City of Red Deer Mayor Tara Veer speaks to a group gathered at the Sorensen Station in Red Deer as the City of Red Deer celebrated the 50th anniversary of Red Deer Transit.

Red Deer Transit celebrates 50 years of service

Red Deer Transit has come a long way since the days of offering a dial-a-bus service.

Red Deer Transit has come a long way since the days of offering a dial-a-bus service.

When the city took over transit service from private operators on Sept.1, 1966, there were nine buses on the road.

Today there are 60 low floor buses, 23-passenger community shuttles and 24 Action Bus vehicles in the fleet.

Buses fill up at the city’s diesel fuelling station and soon 16 Compressed Natural Gas (CNG) buses will be filling up at the city’s new CNG fuelling station at Civic Yards.

At a special ceremony at Sorensen Station on Wednesday, the city celebrated 50 years of providing public transportation.

Transit manager George Penny said as the population grows so does the demand for public transportation. Last year there were 3.8 million trips and in 2014, there were four million trips in Red Deer. On average the buses make 10,000 trips every day.

Penny said the bus service continues to be robust despite a slight dip in 2015, which he attributes to the low economy.

Red Deer’s transit system will continue to be meet the needs of residents with its system-wide intelligence transit, which enables GPS, said Penny.

Bus riders will be able to see when the next bus is coming in real time. The whole system is expected to be completed by the end of June 2017. The city is currently in the project’s procurement stage.

But that is not the only change on the road.

A couple of years ago, the city decided to place its bets on Compressed Natural Gas (CNG). By next September, the city will have 16 CNG buses in the fleet and a fuelling station at Civic Yards. Work on the new station will start in August and the first five buses should arrive by November.

The city will have 19 CNG buses and by 2019, 40 CNG buses in the fleet.

Investing in CNG in the ever-changing world of technology has been criticized, notably by Coun. Paul Harris who said it is not the way to go. Harris has said that the city ought to explore other technologies.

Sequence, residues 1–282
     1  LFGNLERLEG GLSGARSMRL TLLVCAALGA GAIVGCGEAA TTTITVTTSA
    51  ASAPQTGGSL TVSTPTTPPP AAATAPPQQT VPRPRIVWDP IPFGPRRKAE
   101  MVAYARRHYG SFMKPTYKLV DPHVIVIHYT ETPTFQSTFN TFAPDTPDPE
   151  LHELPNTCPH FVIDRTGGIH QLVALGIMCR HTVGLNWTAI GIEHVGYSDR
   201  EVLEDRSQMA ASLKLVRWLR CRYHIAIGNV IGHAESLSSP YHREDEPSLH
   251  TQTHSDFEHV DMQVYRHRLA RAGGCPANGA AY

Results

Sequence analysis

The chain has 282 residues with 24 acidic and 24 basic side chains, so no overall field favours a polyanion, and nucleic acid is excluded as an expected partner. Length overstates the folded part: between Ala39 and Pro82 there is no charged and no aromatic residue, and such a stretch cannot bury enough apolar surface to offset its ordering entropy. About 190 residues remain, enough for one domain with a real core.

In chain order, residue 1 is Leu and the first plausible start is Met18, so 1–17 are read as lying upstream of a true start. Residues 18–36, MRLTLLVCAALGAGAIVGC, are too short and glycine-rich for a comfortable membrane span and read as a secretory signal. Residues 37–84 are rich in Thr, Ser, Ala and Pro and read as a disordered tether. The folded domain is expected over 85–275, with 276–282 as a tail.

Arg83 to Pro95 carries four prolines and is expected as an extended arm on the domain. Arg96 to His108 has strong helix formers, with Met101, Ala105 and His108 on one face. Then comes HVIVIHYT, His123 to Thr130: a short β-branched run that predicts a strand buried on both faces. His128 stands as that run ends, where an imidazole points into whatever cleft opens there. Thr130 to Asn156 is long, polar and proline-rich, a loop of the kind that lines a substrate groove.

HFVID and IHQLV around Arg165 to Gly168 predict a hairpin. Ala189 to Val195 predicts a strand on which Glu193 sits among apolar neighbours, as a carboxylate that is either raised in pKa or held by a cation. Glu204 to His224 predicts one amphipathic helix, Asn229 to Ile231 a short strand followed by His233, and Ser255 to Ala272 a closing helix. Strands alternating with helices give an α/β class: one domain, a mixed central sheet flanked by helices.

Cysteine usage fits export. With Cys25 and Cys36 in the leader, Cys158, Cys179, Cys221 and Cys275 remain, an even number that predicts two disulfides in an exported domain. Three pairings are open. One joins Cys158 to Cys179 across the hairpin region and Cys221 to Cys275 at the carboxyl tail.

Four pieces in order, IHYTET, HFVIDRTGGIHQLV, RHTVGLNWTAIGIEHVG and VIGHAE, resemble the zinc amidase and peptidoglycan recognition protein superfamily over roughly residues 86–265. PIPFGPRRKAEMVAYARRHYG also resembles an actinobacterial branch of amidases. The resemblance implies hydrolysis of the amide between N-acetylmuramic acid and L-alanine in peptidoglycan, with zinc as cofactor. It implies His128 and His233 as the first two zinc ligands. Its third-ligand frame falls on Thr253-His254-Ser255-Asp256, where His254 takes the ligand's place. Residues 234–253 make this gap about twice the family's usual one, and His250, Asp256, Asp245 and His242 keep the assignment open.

But Penny is convinced that CNG is the way to go and it leaves the option open for trying other technologies.

“Electric still has a long way to go but CNG is moving across the country,” he said. “A lot of transit agencies have them. It is cleaner burning, less emissions, quieter and I think that is what people want.”

However the city is keeping a close eye on St. Albert, which is piloting a few electric buses in its fleet.

Different manufacturers have different charging methods for each type of electric bus, said Penny.

“If we went with one style bus we would have to put in a certain charging system and you wouldn’t be able to try another vehicle,” said Penny. “With CNG, that option is open. Across the country, places like Vancouver and Toronto are all moving to CNG … They are trying other options and I think we should look at other options. But I think CNG is a viable option for us.”

The city used in part GreenTrip funding and the Federal GAs Tax funding for the $6.1 million-project.

Mayor Tara Veer said the city recognizes that a key part of a healthy, active lifestyle for all citizens is having access to multi-modal transportation options to connect with the people and places in and around Red Deer.

Veer said it was a honour to recognize the transit staff both past and present during the ceremony.

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